Objective: To compare the efficacy and safety of adjusted-dose unfractionated heparin with that of regional citrate anticoagulation in intensive care patients treated by continuous venovenous hemofiltration (CVVH).
Design and setting: Prospective, randomized, clinical trial in a 32-bed medical and surgical ICU in a university teaching hospital.
Patients: ICU patients with acute renal failure requiring continuous renal replacement therapy, without cirrhosis, severe coagulopathy, or known sensitivity to heparin.
Interventions: Before the first CVVH run patients were randomized to receive anticoagulation with heparin or trisodium citrate. Patients eligible for another CVVH run received the other study medication in a cross-over fashion until the fourth circuit.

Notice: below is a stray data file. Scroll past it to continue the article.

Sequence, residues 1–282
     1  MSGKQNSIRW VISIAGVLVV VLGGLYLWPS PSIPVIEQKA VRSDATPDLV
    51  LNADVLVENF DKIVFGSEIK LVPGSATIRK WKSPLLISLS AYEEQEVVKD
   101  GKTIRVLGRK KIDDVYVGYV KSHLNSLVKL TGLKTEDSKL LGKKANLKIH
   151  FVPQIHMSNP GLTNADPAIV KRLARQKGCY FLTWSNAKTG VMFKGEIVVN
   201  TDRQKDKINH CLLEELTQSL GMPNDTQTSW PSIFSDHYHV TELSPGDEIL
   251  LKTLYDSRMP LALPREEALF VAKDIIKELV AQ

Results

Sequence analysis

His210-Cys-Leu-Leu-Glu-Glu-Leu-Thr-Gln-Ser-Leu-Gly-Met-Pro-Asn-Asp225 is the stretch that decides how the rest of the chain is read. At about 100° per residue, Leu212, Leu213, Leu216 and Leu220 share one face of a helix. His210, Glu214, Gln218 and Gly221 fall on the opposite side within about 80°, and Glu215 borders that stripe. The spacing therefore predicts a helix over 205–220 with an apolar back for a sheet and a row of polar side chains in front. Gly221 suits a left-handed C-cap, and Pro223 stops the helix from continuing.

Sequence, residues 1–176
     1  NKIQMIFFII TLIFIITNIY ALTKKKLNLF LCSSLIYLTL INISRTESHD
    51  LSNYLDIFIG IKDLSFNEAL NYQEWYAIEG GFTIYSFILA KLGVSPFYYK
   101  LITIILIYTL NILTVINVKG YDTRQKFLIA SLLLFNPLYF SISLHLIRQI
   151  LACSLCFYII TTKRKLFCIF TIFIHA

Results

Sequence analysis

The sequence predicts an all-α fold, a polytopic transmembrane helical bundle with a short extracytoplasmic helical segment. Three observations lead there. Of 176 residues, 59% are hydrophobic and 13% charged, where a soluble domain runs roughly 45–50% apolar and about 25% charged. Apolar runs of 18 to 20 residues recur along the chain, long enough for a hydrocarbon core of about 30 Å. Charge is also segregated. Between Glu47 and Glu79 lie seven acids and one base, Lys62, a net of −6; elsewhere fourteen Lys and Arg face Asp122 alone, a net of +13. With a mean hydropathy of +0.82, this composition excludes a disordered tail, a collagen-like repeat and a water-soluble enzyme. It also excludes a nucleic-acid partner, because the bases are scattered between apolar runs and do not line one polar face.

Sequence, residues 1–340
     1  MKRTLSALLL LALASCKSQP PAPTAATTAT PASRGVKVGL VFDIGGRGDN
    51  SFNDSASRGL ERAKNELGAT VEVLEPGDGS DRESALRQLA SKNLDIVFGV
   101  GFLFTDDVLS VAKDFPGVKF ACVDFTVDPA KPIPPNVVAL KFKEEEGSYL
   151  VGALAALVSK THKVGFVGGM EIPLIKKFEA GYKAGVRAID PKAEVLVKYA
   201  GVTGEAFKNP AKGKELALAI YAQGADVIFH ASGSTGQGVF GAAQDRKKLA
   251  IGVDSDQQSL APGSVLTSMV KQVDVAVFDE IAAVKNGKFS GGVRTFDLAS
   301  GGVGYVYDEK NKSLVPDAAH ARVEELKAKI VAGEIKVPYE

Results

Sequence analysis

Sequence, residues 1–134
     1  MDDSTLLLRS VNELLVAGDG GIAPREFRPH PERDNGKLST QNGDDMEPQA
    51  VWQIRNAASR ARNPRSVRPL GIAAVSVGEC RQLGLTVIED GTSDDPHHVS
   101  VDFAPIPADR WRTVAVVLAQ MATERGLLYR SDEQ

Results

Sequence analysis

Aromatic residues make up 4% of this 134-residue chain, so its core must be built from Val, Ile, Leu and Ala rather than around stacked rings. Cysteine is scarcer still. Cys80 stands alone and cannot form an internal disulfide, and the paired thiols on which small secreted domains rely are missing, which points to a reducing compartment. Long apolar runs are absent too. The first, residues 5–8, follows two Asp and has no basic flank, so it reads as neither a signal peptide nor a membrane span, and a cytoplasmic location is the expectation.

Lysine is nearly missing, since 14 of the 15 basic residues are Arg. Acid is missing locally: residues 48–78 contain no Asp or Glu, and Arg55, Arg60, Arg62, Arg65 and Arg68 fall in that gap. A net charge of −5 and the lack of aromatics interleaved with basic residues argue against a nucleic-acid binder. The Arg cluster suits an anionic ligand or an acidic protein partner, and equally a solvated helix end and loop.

Measurements and results: Forty-nine circuits (hemofilters) were analyzed: 23 with heparin and 26 with citrate. The median lifetime of hemofilters was 70 h (interquartile range 44-140) with citrate anticoagulation and 40 h (17-48) with heparin (p=0.0007). One major bleeding occurred during heparin anticoagulation and one metabolic alkalosis (pH=7.60) was noted with citrate after a protocol violation. Transfusion rates (units of red cells per day of CVVH) were, respectively, 0.2 (0.0-0.4) with citrate and 1.0 (0.0-2.0) with heparin (p=0.0008).
Conclusions: Regional citrate anticoagulation seems superior to heparin for the filter lifetime and transfusion requirements in ICU patients treated by continuous renal replacement therapy.